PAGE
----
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Management of Sepsis
 

Management of Sepsis

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Management of Sepsis Management of Sepsis Presentation Transcript

  • Management of Sepsis Luca Bigatello, MD Director, Surgical ICU, Massachusetts General Hospital Associate Professor of Anesthesia, Harvard Medical School
  • Definitions
    • Sepsis : proven or suspected infection, with a systemic response (fever, tachycardia, tachypnea, leukocytosis)
    • Severe sepsis : sepsis, with organ dysfunction
    • Septic shock : severe sepsis, with hypotension despite adequate fluid resuscitation
    Bone et al ., Crit Care Med ‘92 SCCM/ etc ., Crit Care Med ‘03
  • Sepsis & Septic Shock
    • 750,000 septic ICU pts. per year
    • > 200,000 die, slightly more than all deaths from acute coronary syndromes
    • Leading cause of death in ICU pts.
    Hotchkiss & Karl, NEJM ‘03
    • Early intervention:
      • early and appropriate use of abx.
      • early goal- directed therapy
    • Corticosteroids
    • Tight BS control
    • r-aPC
    • Vasopressors, inotropes
    • Blood products administration
    • Lung- protective ventilation for ALI/ARDS
    • Targeted sedation / daily wakeups
    • VAP, DVT, PE, stress ulcer prophylaxis
    • Renal replacement therapy
    • Consideration for limitation of support
    20 Societies- CCM ’08;36:296
  • Early Antibiotic Therapy
    • Evidence not strong, but it seems common sense
    • Prioritization and implementation may be the hurdles
    Kumar et al ., CCM ’06;34:1589
    • Retrospective review of 2,700 pts. with SS
      • 80% received effective abx. after onset of hypotension
      • Significant effect of timing on survival rate
    • Start appropriate abx. ASAP, after cultures
  • Early Goal-Directed Therapy: RCT
    • 260 septic pts. in ER:
    • 6 hrs. of early goals:
      • MAP  65, CVP  10, U.O.  0.5 ml/kg/h, ScvO 2  70%
      • Volume, vasopressors, transfusions
    Rivers et al ., NEJM ’01;345:1368
    • Goal-directed arm, @ 6 hs.:
      •  BP, ScvO 2
      • more fluids, red cells, inotropy
      • goals achieved 94- 99 % of pts.
    • Goal-directed arm, @ 72 hs.:
      •  BP, ScvO 2 ,  HR, lactate, BE
      • less fluids, vasopressors, red cells, MV, PA lines
      • 30% mortality, vs . 46% in controls
    • Concern: just a study of adequate resuscitation?
      • the study goals are not that unusual. …
      • ScvO 2 on admission was 49%!!!
    • Merit: importance of timely , protocolized resuscitation of the patient in septic shock (and, probably, of other forms of shock: resuscitation of the trauma patient)
    Comments Rivers et al ., NEJM ’01;345:1368
  • Does it Change Practice in the ICU?
    • Is this ICU/OR- appropriate evidence?
      • ICU pts. are seldom severely under-resuscitated
        • Hayes et al ., Gattinoni et al . (NEJM ’94, ‘95) could not achieve CO/CVP/WP goals in ~ 50% of their ICU pts.!
      • How to deal with contrasting evidence/goals?
        • the TRICC study limits transfusions NEJM ’99;340:409
        • the ARDS- NET limits fluid NEJM ‘06;354:2564
    Rivers et al ., NEJM ’01;345:1368
  • A Word of Caution on ScvO 2
    • How accurately does ScvO 2 estimate SvO 2 ?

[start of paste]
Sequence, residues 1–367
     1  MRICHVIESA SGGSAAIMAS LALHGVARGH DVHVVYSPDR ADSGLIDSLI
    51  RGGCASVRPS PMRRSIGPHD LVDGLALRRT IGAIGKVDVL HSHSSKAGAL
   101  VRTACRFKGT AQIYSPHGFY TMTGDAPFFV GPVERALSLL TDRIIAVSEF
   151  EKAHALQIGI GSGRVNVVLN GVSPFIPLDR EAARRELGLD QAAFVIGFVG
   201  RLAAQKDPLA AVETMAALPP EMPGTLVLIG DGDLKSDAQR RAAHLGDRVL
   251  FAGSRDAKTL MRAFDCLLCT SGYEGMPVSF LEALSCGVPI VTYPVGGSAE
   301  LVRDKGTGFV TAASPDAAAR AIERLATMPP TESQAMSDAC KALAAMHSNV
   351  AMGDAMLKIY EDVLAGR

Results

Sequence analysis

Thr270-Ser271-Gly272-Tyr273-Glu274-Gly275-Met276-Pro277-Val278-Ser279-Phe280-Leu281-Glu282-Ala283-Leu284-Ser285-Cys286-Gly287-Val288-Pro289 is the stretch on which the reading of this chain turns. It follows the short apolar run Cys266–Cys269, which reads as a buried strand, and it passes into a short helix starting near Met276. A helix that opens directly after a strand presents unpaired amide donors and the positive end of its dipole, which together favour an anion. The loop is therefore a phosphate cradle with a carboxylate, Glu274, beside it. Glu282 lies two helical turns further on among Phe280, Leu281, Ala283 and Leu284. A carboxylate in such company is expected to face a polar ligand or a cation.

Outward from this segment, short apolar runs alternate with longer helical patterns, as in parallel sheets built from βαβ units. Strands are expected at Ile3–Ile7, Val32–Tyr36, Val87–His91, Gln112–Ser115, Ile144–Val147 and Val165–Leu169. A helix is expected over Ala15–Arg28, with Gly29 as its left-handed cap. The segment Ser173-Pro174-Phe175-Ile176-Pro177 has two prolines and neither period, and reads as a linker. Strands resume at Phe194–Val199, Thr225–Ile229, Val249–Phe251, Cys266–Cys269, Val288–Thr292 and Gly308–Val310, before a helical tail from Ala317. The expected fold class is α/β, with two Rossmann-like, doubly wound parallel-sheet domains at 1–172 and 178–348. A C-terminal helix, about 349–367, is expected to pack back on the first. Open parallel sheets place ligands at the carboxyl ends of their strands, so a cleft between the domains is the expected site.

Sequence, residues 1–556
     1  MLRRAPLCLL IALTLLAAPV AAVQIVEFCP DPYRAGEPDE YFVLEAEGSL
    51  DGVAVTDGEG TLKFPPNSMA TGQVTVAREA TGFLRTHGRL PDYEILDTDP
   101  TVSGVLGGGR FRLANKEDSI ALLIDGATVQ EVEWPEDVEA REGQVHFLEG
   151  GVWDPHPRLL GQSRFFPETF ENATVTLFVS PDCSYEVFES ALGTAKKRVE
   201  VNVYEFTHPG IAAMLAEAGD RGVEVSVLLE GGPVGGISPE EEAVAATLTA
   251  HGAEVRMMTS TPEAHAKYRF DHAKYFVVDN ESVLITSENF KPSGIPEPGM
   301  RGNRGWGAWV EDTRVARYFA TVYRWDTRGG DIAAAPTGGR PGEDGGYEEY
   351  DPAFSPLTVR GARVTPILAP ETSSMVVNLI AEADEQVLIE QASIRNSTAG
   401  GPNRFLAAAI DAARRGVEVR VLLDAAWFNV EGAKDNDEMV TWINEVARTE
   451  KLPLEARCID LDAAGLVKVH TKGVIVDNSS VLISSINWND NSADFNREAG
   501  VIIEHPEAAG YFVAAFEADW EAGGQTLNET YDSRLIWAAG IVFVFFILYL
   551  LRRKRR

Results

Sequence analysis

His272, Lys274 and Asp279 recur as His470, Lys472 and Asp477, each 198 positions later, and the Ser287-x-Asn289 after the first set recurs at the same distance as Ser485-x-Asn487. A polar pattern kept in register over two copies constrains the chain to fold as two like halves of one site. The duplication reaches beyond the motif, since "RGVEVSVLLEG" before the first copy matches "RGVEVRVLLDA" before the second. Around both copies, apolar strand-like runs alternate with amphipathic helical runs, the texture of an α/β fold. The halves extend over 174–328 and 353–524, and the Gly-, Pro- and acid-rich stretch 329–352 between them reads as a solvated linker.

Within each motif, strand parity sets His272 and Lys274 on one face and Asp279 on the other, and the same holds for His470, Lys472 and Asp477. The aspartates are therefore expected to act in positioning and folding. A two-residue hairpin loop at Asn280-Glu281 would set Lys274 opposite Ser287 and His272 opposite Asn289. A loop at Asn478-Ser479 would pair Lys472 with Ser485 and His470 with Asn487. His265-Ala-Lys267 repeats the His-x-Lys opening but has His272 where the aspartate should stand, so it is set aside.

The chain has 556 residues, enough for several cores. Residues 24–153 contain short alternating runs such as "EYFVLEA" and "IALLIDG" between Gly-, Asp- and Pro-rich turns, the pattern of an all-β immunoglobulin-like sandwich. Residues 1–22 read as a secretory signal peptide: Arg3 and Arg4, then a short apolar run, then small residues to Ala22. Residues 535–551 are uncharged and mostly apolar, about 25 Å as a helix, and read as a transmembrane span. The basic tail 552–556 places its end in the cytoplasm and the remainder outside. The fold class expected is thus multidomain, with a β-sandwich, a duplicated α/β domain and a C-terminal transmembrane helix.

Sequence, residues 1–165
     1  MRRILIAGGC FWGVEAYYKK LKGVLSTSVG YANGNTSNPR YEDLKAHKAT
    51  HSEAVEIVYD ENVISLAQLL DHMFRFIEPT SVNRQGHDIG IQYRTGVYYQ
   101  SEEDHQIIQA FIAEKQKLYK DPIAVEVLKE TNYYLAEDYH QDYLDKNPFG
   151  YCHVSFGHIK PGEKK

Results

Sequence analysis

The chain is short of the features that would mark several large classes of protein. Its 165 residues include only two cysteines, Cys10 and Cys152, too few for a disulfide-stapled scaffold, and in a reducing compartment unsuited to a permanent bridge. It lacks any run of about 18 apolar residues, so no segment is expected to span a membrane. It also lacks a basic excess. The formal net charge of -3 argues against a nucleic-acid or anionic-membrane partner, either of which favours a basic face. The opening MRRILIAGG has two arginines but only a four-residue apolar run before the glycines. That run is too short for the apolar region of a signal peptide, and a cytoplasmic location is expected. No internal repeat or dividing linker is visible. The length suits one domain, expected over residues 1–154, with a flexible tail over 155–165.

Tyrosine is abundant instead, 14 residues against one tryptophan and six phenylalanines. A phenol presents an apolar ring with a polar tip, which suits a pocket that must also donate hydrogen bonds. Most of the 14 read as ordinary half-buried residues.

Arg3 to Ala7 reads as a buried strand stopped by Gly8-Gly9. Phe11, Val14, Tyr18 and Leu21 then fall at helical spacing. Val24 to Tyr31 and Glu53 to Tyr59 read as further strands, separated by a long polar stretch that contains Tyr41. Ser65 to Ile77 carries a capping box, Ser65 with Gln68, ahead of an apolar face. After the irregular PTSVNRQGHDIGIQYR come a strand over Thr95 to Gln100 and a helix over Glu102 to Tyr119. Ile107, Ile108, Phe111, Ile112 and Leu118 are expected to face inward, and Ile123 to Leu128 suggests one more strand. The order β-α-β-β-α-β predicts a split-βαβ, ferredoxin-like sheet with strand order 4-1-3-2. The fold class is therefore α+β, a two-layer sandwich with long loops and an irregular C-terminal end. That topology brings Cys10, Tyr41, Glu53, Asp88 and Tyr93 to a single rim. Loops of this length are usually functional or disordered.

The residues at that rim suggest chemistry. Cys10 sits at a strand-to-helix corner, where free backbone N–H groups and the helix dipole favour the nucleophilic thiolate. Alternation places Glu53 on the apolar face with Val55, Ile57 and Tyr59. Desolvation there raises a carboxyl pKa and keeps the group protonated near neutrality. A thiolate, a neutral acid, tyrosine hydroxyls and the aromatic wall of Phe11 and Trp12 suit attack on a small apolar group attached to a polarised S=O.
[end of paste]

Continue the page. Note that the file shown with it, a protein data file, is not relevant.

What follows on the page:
• Inconsistently: generally ScvO 2 is a little higher, trends seem OK, not in cardiogenic shock …
    Chawla et al ., Chest ’04, Dueck et al ., Anesthesiology ’05 Reinhardt et al ., ICM ’04, Scheinman et al ., Circulation ‘69
  • Steroids in Septic Shock
    • Old ways: high dose treatment
    30 mg/kg MP x 4 doses No diff. in death, prevention or reversal of shock MP: higher death in pts with  ’d Crea., from infection
  • Relative Adrenal Deficiency in Septic Shock (SS)
    • Low cortisol ( stim. test ) levels in SS pts. is associated with an increased mortality Rothwell et al ., Lancet ’91
    • ‘ Functional hypoadrenalism ’ Baldwin & Allo, Arch Surg ‘93
    • Hydrocortisone, 50 mg x 1 decreased the need for vasopressors Annane et al ., Br J Clin Pharm ’98
            • Bellissant et al ., Clin Pharm Ther ‘00
    • Hydrocortisone, 100 mg tid x 5 d. reversed SS, improved survival Bollaert et al ., CCM ‘98
  • 76% of pts. were non-responders!
    • 300 pts. with SS , mechanically ventilated
      • Hydrocortisone, 50 mg. q 6 hs. + Fludro. 50  g q day x 7 d.
      • Placebo
      • ACTH - stim
    Annane et al ., JAMA ’02;288:862
    • Non-responders : 53% mortality Hydrocort., vs . 63% mortality controls
    • Responders : Hydrocort. had slightly increased mortality
  • Comments
    • Barely significant……
    • Unusually high incidence of ‘relative insufficiency’
    • Very high severity of illness
    • Or was it the Etomidate ??
    • ACTH- stim test :
      • Diagnostic criteria not well validated Annane et al ., CCM ‘06
      • Repeated stim- gives different results Loisa et al ., A&A ‘05
      • Bound vs . free cortisol Hamrahian et al ., NEJM ’04
    Annane et al ., JAMA ’02;288:862
    • 500 pts. in 52 European ICUs, from 4/’02 to 11/’05
    • Septic shock, with standard in./ex. criteria
    • Hydrocortisone: 50 mg q 6 hs. x 5 days, q 12 hs. x 3 days, q 24 hs. x 3 days, vs. placebo
    CORTICUS, NEJM ’08;358:111
  • CORTICUS…….. N=251 Steroids N=248 Placebo 28-day Mortality
  • Stim - test, non-responders (~51%) Stim - test, responders (~47%) P=0.8 P=1.0 28-day Mortality
    • Shock reversal was faster in the steroids group
    • There were more episodes of superinfection and of new sepsis and septic shock in the steroids group
  • So, Who Should Get Steroids?
    • Forget the ACTH Stim - test
    • Severe shock, unresponsive to Levophed, Vasopressin?
    • Kind of …..‘last resort’?
    • ‘ Last resorts’ generally do not work, that’s why they are last resort
    • We may have heard the last of steroids
    • We said that 20 years ago
    Guidelines, 20 Societies- CCM ’08;36:296
  • Tight Glucose Control- I > 5 days
    •  ’ d rate of bacteremia
    •  ’ d renal failure
    •  ’ d transfusion requirement
    •  ’ d critical illness polyneuropathy
    • 34% decrease in-hospital mortality